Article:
After the new Speaker of the House, Nancy Pelosi, has had control of that body’s “agenda” for a while and the nation sees Congress isn’t emasculated as a result, one last prejudice will fall. San Franciscans will start to find acceptance in other walks of life as well. Don’t be surprised if, in a few years, you start seeing San Franciscans “manning” roadwork crews (if only to direct traffic) or, who knows, maybe joining a “manned” mission to Mars! Our great-grandchildren might live to see a San Franciscan vice president!

The less-asked question of the week is “What should change?” Last week when I said we should mass-impeach a substantial chunk of the Bush administration, that recommendation wasn’t predicated on a Democrat win. In a friendly way, out of consideration for their best long-term interests, I think the lame-duck Republicans should get that started now and not wait for the Democrats. That’s not a partisan issue.

But I see one issue where the Democrats can make a huge impact in the next two years, and I’m confident they’ll move on it quickly.

The Democrats have always been the Party of the Working Man and Woman, and the Party of the Poor and Downtrodden. They’ve always cared about making life bearable for all. I just know they’re going to bring us real relief.

I know you all know what I’m thinking of here, but I’ll say it anyway: Thank-you-notes for voting!

Not thank-you-notes from the Dems for voting Dem, but something really groundbreaking, namely thank-you-notes from the government for voting, period!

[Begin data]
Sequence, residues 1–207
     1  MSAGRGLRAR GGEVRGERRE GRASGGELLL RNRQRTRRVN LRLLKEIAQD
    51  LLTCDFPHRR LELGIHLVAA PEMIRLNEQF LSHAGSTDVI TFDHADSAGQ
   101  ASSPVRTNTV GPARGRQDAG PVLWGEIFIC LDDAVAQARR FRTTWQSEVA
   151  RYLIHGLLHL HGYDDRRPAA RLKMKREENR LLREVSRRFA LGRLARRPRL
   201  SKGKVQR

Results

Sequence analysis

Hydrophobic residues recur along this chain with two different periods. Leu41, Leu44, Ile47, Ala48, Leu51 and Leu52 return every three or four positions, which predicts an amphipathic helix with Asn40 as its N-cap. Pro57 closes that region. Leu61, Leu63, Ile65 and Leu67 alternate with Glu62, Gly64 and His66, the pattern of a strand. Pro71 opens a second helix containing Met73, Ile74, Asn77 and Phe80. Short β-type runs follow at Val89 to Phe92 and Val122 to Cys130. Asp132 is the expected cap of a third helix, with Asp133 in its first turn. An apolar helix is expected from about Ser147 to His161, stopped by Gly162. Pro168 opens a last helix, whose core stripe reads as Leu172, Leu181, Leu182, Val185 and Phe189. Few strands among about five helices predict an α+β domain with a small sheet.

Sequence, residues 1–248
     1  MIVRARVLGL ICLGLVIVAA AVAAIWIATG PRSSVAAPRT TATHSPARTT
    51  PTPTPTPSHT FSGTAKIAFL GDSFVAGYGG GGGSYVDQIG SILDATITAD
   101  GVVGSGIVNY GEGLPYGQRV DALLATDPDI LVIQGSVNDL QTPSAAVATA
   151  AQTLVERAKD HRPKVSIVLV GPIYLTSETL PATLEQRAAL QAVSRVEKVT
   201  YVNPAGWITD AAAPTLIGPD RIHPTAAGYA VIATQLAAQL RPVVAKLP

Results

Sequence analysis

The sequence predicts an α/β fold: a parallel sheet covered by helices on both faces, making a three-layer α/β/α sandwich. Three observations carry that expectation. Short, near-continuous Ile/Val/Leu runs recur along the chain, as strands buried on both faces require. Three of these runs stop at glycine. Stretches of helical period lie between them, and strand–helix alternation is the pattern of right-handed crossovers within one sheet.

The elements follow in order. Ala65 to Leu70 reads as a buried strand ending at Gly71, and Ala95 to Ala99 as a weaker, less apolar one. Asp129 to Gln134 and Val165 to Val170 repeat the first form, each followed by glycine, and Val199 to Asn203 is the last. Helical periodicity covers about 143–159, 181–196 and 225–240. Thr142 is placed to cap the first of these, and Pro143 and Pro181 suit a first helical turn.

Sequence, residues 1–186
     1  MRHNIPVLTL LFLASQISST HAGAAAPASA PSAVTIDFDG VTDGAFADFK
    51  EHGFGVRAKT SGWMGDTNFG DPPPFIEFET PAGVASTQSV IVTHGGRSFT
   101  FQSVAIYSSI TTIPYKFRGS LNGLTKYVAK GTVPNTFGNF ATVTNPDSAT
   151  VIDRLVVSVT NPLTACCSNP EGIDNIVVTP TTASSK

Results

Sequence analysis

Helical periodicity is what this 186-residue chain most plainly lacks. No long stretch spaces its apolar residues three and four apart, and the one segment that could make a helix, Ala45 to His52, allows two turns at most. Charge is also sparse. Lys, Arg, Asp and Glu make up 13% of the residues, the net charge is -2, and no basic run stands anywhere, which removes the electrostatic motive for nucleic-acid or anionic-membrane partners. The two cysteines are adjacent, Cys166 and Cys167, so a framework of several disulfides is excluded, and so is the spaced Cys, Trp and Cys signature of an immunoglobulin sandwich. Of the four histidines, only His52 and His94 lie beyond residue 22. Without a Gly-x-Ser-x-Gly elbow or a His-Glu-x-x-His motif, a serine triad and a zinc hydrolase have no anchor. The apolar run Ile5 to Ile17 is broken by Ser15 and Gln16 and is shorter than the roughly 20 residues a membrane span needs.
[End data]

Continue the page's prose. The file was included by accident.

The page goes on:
I’d love getting a post-card from the Washington Secretary of State, saying, “Dear Voter, Thank you for your excellent votes. Your ballot has been counted and has helped make our election a great success.”

I think they’ve got a mandate for it! Decent wages would be nice, too.

Wednesday, November 8, 2006

Rev. Haggard and Other Hazards

Five weeks ago we enjoyed Ted Haggard’s pronouncement that President George Bush is not Satan. Years before, the evangelical leader Reverend Ted Arthur “I Did Not Have Sex With That Male Whore And Never Used That Meth” Haggard made a key endorsement George Bush needed to win the presidency in 2000. He is a good honorable man and I, for one, totally believe his denials of wrongdoing.

Haggard was only being Christlike in his love for his male flesh merchant. His frequent payments of $200 to his for-hire boy toy were not for sex. They made Haggard an instrument of God’s Love to a poor struggling sinner. Likewise, when he bought unwanted meth from his drug-dealing hooker it was just a kind way to give without demeaning the recipient.

Who needs happy endings, when they’re on the Way to the Lord’s Eternal Happy Ending?

Speaking of lies, cowardice, and criminal conduct, as of last week I planned to spend this column conveying the idea that while Bush, Cheney, and a large percentage of their staff and cabinet are guilty of High Crimes and Misdemeanors galore and unquestionably deserve mass impeachment, it would be bad for the country to take that route.